We always knew we'd use the few metres of land between the first wall and our boundary fence, but weren't exactly sure how. So with nearly a whole pallet of blocks left, we set to work on another smaller wall.
Here is where work begins. We managed to manouvre around a native grass to preserve it.Directly in front is the first wall we constructed several weeks ago, and right beside the grass is the beginnings of the trench for wall number two. I thought I would highlight the naitve grass as a navigation point in the pictures to come.
Here is where the first course goes down on the compacted roadbase, and backfilled with blue metal. Although we went through a lot of blue metal to fill the hollow blocks, drainage is improved immensely. See the clump of native grass?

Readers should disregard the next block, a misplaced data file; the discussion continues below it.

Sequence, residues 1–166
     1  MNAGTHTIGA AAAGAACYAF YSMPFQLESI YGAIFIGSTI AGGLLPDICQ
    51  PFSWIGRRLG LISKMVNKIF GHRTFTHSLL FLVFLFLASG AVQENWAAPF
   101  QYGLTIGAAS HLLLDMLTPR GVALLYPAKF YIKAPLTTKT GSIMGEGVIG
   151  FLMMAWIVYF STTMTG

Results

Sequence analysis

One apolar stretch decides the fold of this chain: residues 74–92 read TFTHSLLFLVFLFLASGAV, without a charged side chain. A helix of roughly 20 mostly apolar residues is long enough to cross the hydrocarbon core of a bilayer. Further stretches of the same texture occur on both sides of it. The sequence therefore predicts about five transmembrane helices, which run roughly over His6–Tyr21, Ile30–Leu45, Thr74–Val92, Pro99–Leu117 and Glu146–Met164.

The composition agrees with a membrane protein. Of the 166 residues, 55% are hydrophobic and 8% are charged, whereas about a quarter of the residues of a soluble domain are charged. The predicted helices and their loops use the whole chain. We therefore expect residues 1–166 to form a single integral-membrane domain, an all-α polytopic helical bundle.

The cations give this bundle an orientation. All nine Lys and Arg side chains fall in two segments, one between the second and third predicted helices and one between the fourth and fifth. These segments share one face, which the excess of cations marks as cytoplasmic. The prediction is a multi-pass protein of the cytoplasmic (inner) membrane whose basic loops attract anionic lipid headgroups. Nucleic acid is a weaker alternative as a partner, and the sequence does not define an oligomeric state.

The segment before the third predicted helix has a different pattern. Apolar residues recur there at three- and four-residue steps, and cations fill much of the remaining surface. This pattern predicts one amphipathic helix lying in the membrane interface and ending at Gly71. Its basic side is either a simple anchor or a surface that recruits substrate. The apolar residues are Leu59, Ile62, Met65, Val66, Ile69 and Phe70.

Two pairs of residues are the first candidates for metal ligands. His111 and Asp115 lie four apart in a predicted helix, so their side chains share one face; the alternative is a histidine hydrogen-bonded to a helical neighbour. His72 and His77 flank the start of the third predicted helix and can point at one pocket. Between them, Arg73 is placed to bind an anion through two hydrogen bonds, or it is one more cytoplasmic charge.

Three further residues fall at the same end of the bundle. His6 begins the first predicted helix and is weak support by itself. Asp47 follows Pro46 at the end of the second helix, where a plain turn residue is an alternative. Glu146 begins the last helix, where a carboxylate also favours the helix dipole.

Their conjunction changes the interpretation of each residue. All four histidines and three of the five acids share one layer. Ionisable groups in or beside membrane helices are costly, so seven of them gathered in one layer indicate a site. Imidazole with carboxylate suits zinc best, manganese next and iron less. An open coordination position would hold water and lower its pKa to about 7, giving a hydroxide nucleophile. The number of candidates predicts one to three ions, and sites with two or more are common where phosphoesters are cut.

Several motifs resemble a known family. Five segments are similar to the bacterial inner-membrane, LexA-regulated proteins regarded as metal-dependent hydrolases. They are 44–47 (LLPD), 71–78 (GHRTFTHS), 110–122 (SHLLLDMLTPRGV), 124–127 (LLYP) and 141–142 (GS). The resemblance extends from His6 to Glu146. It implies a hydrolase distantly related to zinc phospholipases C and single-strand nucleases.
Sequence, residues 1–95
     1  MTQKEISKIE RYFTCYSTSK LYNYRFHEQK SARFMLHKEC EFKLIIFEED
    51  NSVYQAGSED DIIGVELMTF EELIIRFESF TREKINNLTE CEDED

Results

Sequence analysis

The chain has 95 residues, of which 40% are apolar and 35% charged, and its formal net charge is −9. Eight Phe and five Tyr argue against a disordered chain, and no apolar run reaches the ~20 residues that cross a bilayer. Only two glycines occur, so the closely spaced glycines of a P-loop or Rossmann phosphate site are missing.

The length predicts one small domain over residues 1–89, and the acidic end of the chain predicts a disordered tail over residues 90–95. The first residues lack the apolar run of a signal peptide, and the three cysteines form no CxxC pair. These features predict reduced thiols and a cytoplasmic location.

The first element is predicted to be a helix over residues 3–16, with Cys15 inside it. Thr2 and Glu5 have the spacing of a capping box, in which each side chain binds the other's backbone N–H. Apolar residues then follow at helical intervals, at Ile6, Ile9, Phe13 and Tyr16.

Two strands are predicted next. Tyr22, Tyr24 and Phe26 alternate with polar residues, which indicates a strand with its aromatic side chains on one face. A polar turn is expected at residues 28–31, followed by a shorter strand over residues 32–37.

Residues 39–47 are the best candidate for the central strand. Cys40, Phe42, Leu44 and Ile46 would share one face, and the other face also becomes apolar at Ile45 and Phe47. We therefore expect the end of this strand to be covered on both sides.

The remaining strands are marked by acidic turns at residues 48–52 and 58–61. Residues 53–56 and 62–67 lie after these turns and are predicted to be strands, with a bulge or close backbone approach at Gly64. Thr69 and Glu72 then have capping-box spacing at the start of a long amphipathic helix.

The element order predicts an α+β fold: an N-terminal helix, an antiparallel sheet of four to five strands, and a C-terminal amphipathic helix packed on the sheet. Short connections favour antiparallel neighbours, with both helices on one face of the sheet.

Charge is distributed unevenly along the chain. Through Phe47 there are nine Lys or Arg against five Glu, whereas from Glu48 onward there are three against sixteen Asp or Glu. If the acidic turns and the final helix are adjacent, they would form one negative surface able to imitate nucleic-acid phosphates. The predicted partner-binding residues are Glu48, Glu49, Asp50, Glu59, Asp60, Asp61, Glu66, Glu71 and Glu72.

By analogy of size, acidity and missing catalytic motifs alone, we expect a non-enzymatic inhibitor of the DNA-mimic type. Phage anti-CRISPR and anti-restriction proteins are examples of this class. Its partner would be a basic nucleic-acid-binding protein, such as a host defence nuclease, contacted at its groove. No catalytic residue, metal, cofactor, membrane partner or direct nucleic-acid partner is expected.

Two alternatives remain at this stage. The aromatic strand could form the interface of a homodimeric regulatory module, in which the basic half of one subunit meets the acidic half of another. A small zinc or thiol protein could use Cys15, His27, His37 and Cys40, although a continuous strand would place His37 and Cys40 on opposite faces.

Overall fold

This is the new wall in comparison to the old one. If you can see the 3 wooden stakes in the ground, that is where the wall is destined to follow. We never meant to plan such a sweeping effect, but it's given us a wonderful opportunity to impliment some stairs.
And this is looking between the two walls, where the stairs will be. We have some blocks already set out to mark where they will go, but we've decided on a different colour for the steps. Those bricks will be for wall number 3, which is on the cut side of both these walls. We already have two pallets waiting to be laid
And finally, the finished wall! We went an extra course higher on this one because it was on a lower piece of ground. It all does the job though. We were surpised how fast this particular wall went up. Not surprising considering it was about half the size of the first one.
What you're looking at in the last photo however, is going to be the final resting place of the garden shed. Finally! One more wall to go up before the slab can be laid though.
Can you still see the native grass? We're very happy it survived the construction process. That's what you can do when you're doing it by hand.